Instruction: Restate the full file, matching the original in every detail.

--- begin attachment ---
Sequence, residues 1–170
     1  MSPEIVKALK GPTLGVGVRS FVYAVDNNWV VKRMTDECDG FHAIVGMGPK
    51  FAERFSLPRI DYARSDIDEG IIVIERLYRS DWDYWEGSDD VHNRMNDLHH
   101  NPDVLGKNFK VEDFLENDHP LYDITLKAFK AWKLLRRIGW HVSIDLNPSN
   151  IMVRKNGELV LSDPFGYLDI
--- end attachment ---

Sequence, residues 1–170
     1  MSPEIVKALK GPTLGVGVRS FVYAVDNNWV VKRMTDECDG FHAIVGMGPK
    51  FAERFSLPRI DYARSDIDEG IIVIERLYRS DWDYWEGSDD VHNRMNDLHH
   101  NPDVLGKNFK VEDFLENDHP LYDITLKAFK AWKLLRRIGW HVSIDLNPSN
   151  IMVRKNGELV LSDPFGYLDI